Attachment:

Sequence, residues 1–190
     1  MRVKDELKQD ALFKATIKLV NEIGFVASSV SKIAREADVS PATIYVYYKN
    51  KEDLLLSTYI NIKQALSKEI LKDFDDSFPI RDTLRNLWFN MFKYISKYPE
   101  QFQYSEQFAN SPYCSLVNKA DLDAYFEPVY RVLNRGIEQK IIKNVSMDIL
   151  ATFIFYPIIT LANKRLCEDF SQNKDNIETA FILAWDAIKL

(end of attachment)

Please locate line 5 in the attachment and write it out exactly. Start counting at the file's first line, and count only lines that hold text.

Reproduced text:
   151  ATFIFYPIIT LANKRLCEDF SQNKDNIETA FILAWDAIKL